Will BJP win it big in Maharashtra, Haryana? Verdict today
In a few hours, Maharashtra and Haryana’s voters let India know if they have handed thumping wins to Prime Minister Narendra Modi’s Bharatiya Janata Party (BJP) in the assembly polls — as projected by exit polls.india Updated: Oct 19, 2014 02:34 IST
In a few hours, Maharashtra and Haryana’s voters let India know if they have handed thumping wins to Prime Minister Narendra Modi’s Bharatiya Janata Party (BJP) in the assembly polls — as projected by exit polls.
After a not-so-stellar performance by the BJP in by-elections across the country, pollsters see the results of the Maharashtra and Haryana assembly elections endorsing ‘Modi magic’ — a term which has come to be associated with Modi’s electoral pull — again.
Modi, who had largely stayed away from campaigning for by-elections, was the party’s most visible face in the run-up to voting in both states ruled by the Congress. He addressed 27 rallies in Maharashtra and 11 in Haryana.
The results are projected to alter the political landscape in both states.
Today’s Chanakya, which had correctly predicted the results of the Lok Sabha polls, gave the party a clear majority in both states.
If voters have gone by what is being projected, the Congress will not get a fourth straight term in Maharashtra.
Barring the Shiv Sena-BJP rule from 1995 to 1999 and Sharad Pawar-led Progressive Democratic Front government between July 1978 and February 1980, the Congress has never been out of power in the state since its creation in 1960.
Other pollsters too have handed it to the BJP in Maharashtra, but marginally below the majority mark of 145 in the 288-member assembly.
Maharashtra registered 63.40% voting, about 4% more than the turnout in the 2009 assembly elections. It was also 3% more than the turnout in the Lok Sabha elections.
Mumbai too did better than its previous performance, with 52.43% voters exercising their franchise. The turnout in Mumbai was 46% in 2009 and 51.59% in the Lok Sabha polls.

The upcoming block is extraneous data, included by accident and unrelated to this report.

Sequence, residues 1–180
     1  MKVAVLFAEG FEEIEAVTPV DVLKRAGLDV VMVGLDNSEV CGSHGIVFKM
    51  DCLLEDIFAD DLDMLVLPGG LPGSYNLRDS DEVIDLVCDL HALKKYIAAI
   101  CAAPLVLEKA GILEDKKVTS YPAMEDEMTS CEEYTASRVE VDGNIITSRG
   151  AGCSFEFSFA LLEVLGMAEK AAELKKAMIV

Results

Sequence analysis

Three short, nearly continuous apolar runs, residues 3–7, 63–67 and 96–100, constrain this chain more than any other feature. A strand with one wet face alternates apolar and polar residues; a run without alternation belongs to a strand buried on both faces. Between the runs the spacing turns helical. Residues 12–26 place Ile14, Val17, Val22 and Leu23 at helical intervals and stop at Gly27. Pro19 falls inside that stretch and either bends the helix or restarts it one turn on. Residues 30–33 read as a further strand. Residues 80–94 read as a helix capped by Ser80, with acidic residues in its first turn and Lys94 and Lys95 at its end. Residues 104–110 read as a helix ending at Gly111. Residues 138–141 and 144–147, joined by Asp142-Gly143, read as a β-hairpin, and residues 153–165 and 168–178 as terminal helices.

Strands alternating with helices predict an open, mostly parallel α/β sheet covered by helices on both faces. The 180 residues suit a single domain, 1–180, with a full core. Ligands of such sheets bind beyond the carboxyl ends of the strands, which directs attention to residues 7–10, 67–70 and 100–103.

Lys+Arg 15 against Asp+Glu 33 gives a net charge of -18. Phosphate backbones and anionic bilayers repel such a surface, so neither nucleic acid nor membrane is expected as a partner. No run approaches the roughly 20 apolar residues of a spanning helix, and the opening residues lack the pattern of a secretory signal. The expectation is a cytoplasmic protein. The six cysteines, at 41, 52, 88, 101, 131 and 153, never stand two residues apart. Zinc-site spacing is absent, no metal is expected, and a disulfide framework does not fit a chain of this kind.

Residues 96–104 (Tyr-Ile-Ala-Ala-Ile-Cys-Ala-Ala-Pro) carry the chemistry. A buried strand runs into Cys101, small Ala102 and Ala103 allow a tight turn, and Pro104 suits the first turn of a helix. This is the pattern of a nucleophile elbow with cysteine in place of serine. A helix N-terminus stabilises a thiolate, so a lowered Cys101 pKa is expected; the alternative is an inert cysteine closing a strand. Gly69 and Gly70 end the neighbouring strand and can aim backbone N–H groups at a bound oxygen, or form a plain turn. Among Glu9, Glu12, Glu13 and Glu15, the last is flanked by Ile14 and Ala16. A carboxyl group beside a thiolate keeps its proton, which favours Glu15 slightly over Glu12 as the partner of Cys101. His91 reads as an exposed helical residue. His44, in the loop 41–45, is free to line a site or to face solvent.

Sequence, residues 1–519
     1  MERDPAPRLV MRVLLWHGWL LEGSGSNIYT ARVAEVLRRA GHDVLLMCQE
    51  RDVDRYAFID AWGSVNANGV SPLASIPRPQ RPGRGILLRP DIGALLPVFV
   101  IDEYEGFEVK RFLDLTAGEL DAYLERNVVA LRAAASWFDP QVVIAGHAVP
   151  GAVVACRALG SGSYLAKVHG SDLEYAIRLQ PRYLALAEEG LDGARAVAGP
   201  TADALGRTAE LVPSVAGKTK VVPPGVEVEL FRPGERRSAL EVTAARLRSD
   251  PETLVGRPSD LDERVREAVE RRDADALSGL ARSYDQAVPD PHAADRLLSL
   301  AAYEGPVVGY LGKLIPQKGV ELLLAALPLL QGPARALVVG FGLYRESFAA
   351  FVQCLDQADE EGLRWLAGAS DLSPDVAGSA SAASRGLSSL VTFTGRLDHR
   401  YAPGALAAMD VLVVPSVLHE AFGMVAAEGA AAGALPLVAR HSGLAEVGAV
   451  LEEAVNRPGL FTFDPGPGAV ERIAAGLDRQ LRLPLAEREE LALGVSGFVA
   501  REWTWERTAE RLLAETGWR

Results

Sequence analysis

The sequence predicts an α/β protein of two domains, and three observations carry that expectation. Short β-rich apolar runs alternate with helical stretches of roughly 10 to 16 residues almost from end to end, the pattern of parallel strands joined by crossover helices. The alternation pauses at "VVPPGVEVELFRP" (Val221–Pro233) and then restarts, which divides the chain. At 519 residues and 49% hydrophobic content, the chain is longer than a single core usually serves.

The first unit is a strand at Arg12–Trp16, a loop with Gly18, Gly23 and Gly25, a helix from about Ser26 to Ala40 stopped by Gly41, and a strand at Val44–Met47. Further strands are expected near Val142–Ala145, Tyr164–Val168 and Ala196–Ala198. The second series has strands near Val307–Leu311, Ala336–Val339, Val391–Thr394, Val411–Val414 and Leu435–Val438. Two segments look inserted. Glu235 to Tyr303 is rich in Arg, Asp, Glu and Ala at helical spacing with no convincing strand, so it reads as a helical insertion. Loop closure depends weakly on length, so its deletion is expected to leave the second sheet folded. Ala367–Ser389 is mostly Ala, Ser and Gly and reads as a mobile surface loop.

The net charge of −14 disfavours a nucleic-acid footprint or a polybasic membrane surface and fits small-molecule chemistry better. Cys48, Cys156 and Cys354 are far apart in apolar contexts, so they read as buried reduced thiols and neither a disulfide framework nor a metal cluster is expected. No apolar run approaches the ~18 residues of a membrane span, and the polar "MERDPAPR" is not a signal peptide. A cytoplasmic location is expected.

In Haryana, the electorate set a turnout record of 76%. A high turnout, going by conventional political wisdom, is bad news for the incumbent — in this case, again the Congress.
Haryana chief minister Bhupinder Singh Hooda played it cool on voting day, going for a game of badminton instead of his preferred sport, tennis, in Rohtak.
The exit polls, however, show the twice, back-to-back Congress CM might be left sweating on counting day.
Today’s Chanakya sees the BJP comfortably past the majority mark of 46 seats in the 90-member assembly.
The ruling Congress is eyeing a win for the third time in a row, mainly banking on the development card, while main opposition, the Indian National Lok Dal (INLD), is seeking to return to power after a decade of hiatus, relying on the pull of its president Om Prakash Chautala and consolidation of the Jat vote.
The BJP, which has in the past remained a marginal player in Haryana politics and played second fiddle to parties like INLD and erstwhile HVP, which later merged into the Congress, is for the first time contesting on its own.
Just ahead of the elections, the BJP had snapped its 25-year old alliance with the Shiv Sena in Maharashtra and parted ways with Kuldeep Bishnoi's Haryana Janhit Congress in Haryana.
Victories will not only reaffirm Modi’s appeal with voters but also silence detractors of his new party leadership, which was blamed for a string of defeats in by-elections that tempered the euphoria of his Lok Sabha triumph.
(With inputs from agencies)